It really is, and it was hugely, hugely helpful. I never could have done this on my own on the script side.
Were you able to work with some of the same designers or visual FX people from the first movie in order to get the creatures in the same ballpark?
A lot of the people from the first movie just plain weren’t available. For a lot of our design work for Kaiju and especially the Jaegers, we had the team at ILM design them during our concept phase, which was a huge help. We always did it with an eye towards we wanted both the Jaegers and the Kaiju to be within the world, but with both of them it’s 10 years later, and the humans have advanced their designs, and the Precursors on the other side of the Breach have also advanced genetically engineering their Kaiju weapons. We wanted them to have a nod to the first movie, but move them forward.
I remember speaking with Travis around the time that the first movie came out, maybe a little later, but originally, the plan was to have the Jaegers travel into the Breach for the sequel. Why was that taken off the table? Did you just think it would be too much, too crazy to go to that other dimension?
A little too much for this one, but as you see, the plan set up at the end of this movie is to go through the Breach into the Precursor world for the next movie. This movie is part sequel, part reboot — it’s a little of both — so we felt like we wanted it to stay grounded in our world for this one to get the heart pumping again, and then hopefully, one of the ideas is to go through the Breach in the next movie.
It seemed like you did a lot more location filming on this movie rather than building most of it. I remember that Guillermo built a huge section of Hong Kong for the first movie.
Yeah, and again it was not wanting to exactly repeat the visual language of the first movie, but also, it was a product of time and budget. We were in a real preproduction crunch because of release date and actors’ schedules. I had about half the time that you usually have to prep a movie like this, so I had to choose it very, very carefully what I was going to build, and what I would just shoot on location. For example, I would’ve loved to have had built part of MegaTokyo for the finale, but there just wasn’t enough time, so we went for an augmented location–locations augmented with CGI.
Universal / Legendary
I’m assuming John Boyega had already been in The Force Awakens, but I was surprised by how funny and charming he was in this movie. There was a pretty big gap between Attack the Block and his first Star Wars, and I’m surprised he hadn’t been cast in everything. Also, how’d you find Cailee Spaeny? She’s also really good in this. Had she done anything before?
With John, I think and hope after this movie, he is in everything. We really wanted that young roguish Harrison Ford type of character for Jake, and John just fit the bill. Cailee was a complete wild card surprise. We were in the last 48 hours of screen testing John with possible Amaras, and we had some really great actor actresses with a lot of experience. Our casting director Sarah Finn sent us an email saying, “Hey, I’ve got this girl from some small town in Missouri [who]did a self-tape. I think you should look at it.” And we looked at it, and we really liked it, but she had no credits, had never done a movie, but we brought her in, and put her with John, and they had an instant chemistry. We decided to take a chance on her, and I’m so glad we did. She was an amazing find. You always dream of finding an actor or an actress that nobody’s seen, giving them a chance and a part to shine.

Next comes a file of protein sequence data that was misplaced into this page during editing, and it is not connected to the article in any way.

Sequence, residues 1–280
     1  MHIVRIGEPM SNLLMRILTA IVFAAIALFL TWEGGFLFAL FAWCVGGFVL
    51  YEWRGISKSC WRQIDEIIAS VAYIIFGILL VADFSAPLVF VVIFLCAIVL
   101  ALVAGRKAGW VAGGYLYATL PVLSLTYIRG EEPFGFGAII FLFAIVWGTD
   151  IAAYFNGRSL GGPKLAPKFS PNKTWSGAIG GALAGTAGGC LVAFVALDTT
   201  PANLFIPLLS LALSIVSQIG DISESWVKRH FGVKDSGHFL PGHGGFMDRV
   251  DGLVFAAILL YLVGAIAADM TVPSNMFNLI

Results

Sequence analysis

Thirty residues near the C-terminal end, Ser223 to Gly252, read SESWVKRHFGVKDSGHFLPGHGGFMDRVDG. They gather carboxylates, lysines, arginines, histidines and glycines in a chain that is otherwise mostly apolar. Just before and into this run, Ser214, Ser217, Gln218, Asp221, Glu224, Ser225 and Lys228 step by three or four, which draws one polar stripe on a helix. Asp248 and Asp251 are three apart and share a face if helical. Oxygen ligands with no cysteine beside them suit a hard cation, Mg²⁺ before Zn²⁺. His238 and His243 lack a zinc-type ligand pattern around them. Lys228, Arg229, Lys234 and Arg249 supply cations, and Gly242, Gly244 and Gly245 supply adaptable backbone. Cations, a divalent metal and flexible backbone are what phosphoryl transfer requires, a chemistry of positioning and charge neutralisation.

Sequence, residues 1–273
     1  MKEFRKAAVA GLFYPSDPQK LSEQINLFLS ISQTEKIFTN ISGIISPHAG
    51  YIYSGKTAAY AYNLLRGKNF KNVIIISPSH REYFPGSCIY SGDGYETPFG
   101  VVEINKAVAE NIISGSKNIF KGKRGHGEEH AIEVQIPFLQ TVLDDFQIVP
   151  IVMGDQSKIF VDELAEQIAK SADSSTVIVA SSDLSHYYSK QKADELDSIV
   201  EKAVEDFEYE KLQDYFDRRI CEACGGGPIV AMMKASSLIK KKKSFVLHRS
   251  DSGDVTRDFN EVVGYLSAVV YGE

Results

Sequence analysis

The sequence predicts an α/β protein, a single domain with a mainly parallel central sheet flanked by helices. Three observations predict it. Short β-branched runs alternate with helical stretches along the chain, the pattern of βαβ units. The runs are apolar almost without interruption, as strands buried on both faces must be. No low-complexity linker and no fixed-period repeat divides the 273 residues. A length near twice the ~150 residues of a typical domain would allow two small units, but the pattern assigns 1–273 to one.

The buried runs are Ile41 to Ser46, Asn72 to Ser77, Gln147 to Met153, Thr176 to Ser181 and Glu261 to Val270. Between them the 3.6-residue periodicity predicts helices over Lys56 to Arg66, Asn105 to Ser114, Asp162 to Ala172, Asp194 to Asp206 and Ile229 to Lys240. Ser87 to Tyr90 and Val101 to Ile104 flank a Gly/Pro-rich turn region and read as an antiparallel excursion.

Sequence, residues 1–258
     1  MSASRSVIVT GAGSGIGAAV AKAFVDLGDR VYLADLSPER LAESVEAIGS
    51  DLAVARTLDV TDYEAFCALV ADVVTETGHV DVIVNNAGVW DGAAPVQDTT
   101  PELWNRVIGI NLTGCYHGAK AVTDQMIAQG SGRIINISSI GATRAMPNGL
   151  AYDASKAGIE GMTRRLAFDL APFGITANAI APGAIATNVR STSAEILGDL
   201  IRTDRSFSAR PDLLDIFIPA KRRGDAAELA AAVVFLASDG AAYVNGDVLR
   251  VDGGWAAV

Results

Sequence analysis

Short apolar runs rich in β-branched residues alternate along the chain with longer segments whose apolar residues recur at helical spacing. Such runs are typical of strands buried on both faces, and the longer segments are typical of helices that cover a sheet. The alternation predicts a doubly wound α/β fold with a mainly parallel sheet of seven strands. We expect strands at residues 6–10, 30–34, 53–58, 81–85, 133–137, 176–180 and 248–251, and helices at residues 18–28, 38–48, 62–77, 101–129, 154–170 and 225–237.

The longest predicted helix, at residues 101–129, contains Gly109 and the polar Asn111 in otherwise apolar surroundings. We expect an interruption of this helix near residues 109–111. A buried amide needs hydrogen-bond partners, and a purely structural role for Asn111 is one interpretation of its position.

I loved the first movie, but one thing I liked about the sequel was that I thought the characters were much better-developed, and the story was great, so hopefully you can do more of these.
I would love to. I love the world. And for me, coming from TV, character and relationships, that’s my bread and butter — that’s what I really love. For a movie like this that has so much literally gigantic spectacle I think it’s so important to have characters, and relationships, that the audience can be invested in, because otherwise I think they start to lose interest no matter how spectacular the action is.
Obviously, you’ve directed a couple of episodes of the TV shows you’ve worked on. It’s very different directing a movie in the sense that it’s really a director’s medium whereas directing TV obviously you’re directly your own self so you have both- You have a lot more control, a lot more control there, but were you able to bring something from the TV side of directing to the movies, or something else like the writing from before?
Absolutely. I never could have tackled this without the directing in TV experience, or the show running experience in TV. It just taught me so many vital skills, time management being one of the biggest ones. In TV when you’re shooting an episode you can’t go over schedule because there’s another episode being shot right after yours is done. So being mindful of the clock, and having to adjust when problems come up. And problems always come up. You’ll plan the most spectacular camera angles, and crane moves, and then you get there on the day, and something happens, and you lose four hours, and then you gotta figure out what you’re actually gonna shoot ’cause you don’t have time to shoot what you were gonna shoot. So TV was an invaluable training ground for me.
Are you developing another show for Starz called Incursion, or is that something in development?
Yeah. I developed Incursion for Starz a few years ago. That, and am I ever going to do sequel to Spartacus are the two biggest questions I always get on Twitter. Incursion, as I tell everybody is definitely not dead. I don’t know when I will get to it, but we wrote an entire first season, and did a bunch of concept work on it, and I hope in the next few years to get that in front of the screen. Now, thankfully since I’ve done a big movie, I’ll be able to direct the pilot.
Pacific Rim: Uprising opens everywhere this Friday, March 23 with previews on Thursday.
Edward Douglas | East Coast Editor